On May 15, 1962, the British songwriting team of Leslie Bricusse and Anthony Newley were up-by-the-bootstraps types, just hitting their 30s, and would become big stars. On that day, they scratched out what would become perhaps their most influential hit, a deceptively simple song called "Feeling Good." Nina Simone would make it her anthem in 1965, and Michael Bublé would have a worldwide hit with it nearly three decades later. The Library's Bricusse collection preserves that moment of creation in one of his meticulously kept notebooks.
"Maestro," the high-profile film biography of legendary composer Leonard Bernstein, hits theaters this week, starring Bradley Cooper. The Library holds a vast trove of Bernstein's papers, some 400,000 items that document every stage of his life and career. In a brief video, Mark Horowitz, a senior music specialist at the Library and the archivist for the Bernstein Collection, gives a tour of the material and its cultural significance.
When the Library acquired choreographer Garth Fagan’s papers earlier this year, it wasn't just about his work on "The Lion King." Fagan's papers built on Music Division collections of an array of dance luminaries: Martha Graham, Alvin Ailey, Bronislava Nijinska, Katherine Dunham and the American Ballet Theatre. The Library’s dance-related materials cover the American art form from Colonial times to the present. Together, they present a dazzling history of American dance.
The Lee Strasberg papers, held in the Manuscript Division, provide a unique glimpse into his Actors Studio, which created the influential style of Method Acting. In 1955, attendees signed in by hand, giving a snapshot of a galaxy of stars at work and producing a collector's dream of celebrity autographs: Paul Newman, Marilyn Monroe, Harry Belafonte, Eva Marie Saint, Patricia Neal, Rod Steiger, Geraldine Page and Eli Wallach, among many others.
The Library now has the papers and collected works of Neil Simon, the most commercially successful playwright in American history and one of the most honored. "Barefoot in the Park," "The Odd Couple," "The Sunshine Boys," "Biloxi Blues," "Plaza Suite," "Lost in Yonkers." By the time he died at age 91 in 2018, he his career included 28 Broadway plays, five musicals, 11 original screenplays and 14 film adaptations of his own work. The Library's collection includes more than 180 titled works that Simon began, many of them completed but never published or produced.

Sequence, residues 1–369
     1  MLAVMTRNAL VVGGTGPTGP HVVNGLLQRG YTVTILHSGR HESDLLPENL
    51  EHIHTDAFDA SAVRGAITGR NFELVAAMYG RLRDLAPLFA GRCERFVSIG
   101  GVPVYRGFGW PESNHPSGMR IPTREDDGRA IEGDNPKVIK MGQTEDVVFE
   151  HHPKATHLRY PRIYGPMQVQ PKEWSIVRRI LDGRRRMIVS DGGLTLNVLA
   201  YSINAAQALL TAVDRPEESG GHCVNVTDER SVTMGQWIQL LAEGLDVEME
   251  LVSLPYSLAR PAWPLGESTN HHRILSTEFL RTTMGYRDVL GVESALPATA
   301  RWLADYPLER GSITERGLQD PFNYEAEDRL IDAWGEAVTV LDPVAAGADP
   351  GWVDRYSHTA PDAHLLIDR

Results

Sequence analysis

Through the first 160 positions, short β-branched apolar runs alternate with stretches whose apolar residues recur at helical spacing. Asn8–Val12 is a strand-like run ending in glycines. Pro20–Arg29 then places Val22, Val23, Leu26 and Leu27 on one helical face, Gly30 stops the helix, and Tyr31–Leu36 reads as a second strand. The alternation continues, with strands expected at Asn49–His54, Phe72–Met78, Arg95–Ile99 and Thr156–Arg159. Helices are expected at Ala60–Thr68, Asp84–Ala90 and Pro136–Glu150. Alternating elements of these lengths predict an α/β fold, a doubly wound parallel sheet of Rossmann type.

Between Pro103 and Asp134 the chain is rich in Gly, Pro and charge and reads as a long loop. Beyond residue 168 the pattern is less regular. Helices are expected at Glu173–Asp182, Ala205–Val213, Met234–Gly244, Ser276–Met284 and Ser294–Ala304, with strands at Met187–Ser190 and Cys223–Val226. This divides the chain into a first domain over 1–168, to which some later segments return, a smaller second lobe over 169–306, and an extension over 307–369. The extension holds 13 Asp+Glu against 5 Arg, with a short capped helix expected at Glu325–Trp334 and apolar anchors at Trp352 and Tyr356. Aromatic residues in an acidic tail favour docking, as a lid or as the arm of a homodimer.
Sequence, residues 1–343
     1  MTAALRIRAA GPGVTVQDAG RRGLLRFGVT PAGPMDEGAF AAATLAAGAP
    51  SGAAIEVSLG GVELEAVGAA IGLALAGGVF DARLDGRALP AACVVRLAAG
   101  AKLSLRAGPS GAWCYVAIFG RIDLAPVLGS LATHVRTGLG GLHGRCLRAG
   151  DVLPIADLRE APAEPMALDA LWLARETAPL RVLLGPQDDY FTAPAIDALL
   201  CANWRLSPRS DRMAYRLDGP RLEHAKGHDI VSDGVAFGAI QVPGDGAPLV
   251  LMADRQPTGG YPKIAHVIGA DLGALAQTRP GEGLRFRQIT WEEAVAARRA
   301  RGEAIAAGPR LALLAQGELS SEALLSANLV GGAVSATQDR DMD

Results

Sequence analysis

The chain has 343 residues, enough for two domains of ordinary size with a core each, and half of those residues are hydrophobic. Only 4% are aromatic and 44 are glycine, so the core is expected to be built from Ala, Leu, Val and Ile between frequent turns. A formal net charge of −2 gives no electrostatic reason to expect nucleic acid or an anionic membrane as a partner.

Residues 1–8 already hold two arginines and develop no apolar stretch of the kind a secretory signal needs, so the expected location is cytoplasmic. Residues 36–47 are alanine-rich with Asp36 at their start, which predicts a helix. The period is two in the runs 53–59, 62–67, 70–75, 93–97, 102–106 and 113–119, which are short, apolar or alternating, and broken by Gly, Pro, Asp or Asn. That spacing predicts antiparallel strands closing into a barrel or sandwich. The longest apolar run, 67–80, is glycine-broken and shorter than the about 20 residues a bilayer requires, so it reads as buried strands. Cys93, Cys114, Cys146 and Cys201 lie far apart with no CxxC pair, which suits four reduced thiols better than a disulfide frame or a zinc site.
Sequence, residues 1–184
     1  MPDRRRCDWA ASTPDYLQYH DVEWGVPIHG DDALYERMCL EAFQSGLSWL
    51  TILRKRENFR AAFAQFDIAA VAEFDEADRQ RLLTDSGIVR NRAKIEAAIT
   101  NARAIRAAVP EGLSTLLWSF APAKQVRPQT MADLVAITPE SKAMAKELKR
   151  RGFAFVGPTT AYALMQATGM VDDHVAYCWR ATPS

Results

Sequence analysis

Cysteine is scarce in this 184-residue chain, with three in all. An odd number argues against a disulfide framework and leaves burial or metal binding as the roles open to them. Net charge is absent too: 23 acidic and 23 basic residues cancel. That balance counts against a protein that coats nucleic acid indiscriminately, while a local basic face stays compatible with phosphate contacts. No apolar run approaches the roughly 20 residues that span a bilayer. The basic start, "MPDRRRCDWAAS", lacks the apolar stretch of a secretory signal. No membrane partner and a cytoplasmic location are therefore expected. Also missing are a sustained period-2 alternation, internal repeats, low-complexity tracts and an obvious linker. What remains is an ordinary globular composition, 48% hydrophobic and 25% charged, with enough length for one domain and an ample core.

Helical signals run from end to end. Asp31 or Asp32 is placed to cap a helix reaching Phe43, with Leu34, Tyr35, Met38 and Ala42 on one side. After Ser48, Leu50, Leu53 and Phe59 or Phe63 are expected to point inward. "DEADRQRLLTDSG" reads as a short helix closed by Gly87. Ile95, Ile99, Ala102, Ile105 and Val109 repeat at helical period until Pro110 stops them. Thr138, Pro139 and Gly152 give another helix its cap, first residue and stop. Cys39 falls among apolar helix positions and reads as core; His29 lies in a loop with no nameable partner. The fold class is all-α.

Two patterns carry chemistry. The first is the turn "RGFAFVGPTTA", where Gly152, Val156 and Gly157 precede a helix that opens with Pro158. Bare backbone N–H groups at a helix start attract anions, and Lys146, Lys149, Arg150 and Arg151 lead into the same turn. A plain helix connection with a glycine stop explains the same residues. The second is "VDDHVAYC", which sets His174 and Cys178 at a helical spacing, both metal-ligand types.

The Library has dozens of 19th century animated toy theaters that were wildly popular in Europe and the United States, displaying dashing stories of pirates, undersea adventures, magic and adventure. Conservators have been painstakingly mending damage caused by historical use, making sure researchers can draw insights from the theaters for years to come.
The court photographer for the Ziegfeld Follies, Alfred Cheney Johnston -- who later donated more than 200 of his photographs to the Library -- captured the era and helped create the modern celebrity glamour shot. He was one of the first celebrity photographers. Stars such as Mary Pickford, Clara Bow, Helen Hayes, John Barrymore, Barbara Stanwyck, Dorothy and Lillian Gish and Marilyn Miller all flocked to him. His star faded over time, but is remembered in an elegant photobook, "Jazz Age Beauties,"
The Library’s acclaimed Crime Classic series is launching a new edition of “The Conjure-Man Dies” this month, a staple of the Harlem Renaissance and the most important work of long-overlooked novelist Rudolph Fisher. First published in 1932, the book was the first full-length mystery novel to feature an all-Black cast of characters, including detectives, suspects and victims.
"The Metropolitan Opera Murders," the latest entry in the Library's Crime Classics series, is a novel from a woman who knows the score. Helen Traubel, a longtime star soprano who performed at the Met for years, wrote the book in 1951, shortly before she left the opera to pursue a career in popular entertainment.